Remote Sensing of Terrestrial Carbon Exchange
A New Approach for Satellite Monitoring of Pan-Arctic Terrestrial CO2 Exchange.
We are developing a new satellite-based approach for regional assessment and monitoring of terrestrial net carbon exchange (NEE) for the pan-Arctic; NEE quantifies the magnitude and direction of land-atmosphere net CO2 exchange and is a fundamental measure of the balance between carbon uptake by vegetation net primary production (NPP) and carbon loss through soil heterotrophic respiration (Rh). We are using satellite microwave remote sensing to extract surface soil wetness and temperature information with existing satellite-based measurements of vegetation structure (LAI, FPAR) and productivity (GPP, NPP) from Aqua/Terra MODIS sensors to derive spatially explicit estimates of NEE for the pan-Arctic at weekly and annual intervals. Calibration and validation activities involve multiscale comparisons with tundra CO2 eddy-flux tower and biophysical measurement networks, detailed hydroecological process model simulations and low altitude flux aircraft overflights along regional moisture and temperature gradients across Alaska. This project provides the first-ever operational satellite-based approach for regional assessment and monitoring of NEE, the primary measure of carbon exchange between the land and atmosphere. These data also provide a valuable new tool for assessing regional patterns, temporal variability and environmental controls on pan-Arctic terrestrial sources and sinks for atmospheric CO2 and advances our understanding of the extent to which the Arctic is being affected by recent warming trends and reinforcing global change.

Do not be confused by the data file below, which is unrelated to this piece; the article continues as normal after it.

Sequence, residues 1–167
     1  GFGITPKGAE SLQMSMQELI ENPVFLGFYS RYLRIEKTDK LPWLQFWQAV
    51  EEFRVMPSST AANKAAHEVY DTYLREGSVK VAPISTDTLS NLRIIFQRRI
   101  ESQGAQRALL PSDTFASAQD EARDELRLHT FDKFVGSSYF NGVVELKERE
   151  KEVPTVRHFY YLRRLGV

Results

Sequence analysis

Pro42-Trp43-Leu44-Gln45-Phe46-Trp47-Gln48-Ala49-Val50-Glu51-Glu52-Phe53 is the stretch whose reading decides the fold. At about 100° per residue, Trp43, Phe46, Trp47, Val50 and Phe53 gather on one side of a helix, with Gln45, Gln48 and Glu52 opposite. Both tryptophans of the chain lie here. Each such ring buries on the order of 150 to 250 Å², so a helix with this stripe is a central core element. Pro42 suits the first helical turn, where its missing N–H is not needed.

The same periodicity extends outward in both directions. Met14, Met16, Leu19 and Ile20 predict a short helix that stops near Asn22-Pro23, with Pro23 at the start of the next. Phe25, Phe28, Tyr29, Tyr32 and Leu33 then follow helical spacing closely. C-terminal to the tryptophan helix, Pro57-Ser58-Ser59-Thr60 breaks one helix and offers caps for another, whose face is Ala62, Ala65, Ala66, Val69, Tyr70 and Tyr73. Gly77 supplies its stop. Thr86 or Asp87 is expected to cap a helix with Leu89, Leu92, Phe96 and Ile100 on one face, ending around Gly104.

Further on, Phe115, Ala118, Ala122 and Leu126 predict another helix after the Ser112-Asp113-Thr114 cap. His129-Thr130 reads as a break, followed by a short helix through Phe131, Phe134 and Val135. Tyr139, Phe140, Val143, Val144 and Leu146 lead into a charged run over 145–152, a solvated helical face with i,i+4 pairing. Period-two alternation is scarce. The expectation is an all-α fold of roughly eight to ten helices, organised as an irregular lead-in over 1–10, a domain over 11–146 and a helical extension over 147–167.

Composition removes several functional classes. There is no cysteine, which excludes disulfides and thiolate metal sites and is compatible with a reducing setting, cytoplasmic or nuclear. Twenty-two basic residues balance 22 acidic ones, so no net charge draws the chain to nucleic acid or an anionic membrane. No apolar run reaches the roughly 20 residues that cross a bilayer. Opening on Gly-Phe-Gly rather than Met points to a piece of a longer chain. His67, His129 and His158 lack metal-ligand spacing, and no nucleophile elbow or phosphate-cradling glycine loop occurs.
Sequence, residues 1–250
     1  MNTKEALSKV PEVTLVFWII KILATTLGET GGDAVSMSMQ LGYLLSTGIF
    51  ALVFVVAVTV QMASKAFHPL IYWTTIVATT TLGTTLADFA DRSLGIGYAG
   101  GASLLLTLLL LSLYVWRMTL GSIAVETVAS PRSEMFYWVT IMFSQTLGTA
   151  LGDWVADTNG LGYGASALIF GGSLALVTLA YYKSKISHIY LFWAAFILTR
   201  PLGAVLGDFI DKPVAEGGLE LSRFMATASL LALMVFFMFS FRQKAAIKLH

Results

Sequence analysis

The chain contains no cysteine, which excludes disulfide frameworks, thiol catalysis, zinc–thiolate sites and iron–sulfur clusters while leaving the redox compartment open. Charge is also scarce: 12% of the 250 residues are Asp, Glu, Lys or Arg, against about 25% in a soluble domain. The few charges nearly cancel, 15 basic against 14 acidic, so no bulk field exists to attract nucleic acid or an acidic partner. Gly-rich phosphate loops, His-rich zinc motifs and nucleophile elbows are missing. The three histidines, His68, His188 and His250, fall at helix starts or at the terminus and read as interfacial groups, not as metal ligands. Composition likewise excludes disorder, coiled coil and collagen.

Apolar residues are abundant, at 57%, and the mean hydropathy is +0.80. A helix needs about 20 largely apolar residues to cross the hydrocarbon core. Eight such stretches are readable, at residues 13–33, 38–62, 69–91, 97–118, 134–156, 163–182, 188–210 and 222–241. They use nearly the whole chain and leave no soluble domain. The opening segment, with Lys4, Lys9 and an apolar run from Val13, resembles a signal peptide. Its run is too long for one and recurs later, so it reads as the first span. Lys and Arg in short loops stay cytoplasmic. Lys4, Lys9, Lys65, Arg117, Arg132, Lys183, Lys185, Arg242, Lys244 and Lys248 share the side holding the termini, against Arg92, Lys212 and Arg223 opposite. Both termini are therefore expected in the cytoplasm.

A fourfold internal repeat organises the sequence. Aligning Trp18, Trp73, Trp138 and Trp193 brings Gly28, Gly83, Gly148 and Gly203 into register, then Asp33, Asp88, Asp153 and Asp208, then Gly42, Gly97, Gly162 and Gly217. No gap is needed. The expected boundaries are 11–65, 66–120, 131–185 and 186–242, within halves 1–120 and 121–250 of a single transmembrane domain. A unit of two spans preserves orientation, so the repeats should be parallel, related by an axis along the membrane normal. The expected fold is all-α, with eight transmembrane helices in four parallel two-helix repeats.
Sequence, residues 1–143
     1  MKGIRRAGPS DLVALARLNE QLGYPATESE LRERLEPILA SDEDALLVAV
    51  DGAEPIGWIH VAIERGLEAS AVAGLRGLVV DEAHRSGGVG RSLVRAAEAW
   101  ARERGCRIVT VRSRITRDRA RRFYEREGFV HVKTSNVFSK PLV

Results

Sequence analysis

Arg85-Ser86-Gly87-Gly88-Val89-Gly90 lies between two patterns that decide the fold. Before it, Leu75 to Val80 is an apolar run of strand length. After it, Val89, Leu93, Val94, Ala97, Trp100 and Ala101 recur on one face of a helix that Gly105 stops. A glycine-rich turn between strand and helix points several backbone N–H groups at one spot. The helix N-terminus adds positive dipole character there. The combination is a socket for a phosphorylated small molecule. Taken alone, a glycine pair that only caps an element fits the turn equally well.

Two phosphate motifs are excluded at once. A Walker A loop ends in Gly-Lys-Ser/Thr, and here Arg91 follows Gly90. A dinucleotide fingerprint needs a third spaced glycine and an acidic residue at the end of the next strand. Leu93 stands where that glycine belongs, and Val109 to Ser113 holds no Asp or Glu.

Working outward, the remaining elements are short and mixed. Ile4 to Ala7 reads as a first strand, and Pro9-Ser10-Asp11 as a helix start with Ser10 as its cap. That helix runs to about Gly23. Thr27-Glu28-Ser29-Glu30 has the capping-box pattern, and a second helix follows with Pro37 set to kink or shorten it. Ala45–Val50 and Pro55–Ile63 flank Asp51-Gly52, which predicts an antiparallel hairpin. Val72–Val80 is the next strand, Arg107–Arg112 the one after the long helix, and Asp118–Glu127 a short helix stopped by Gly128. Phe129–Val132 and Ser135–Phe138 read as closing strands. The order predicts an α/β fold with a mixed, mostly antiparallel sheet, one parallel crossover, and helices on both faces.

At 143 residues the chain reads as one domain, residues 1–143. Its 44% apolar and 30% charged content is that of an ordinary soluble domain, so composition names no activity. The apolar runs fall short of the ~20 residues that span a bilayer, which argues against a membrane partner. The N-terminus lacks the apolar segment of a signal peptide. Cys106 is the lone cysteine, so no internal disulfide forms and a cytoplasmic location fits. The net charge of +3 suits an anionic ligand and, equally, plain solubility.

Prototype application of a new MODIS-AMSR-E sensor based remote sensing algorithm for daily mapping of land-atmosphere net CO2 exchange (NEE) for the pan-Arctic.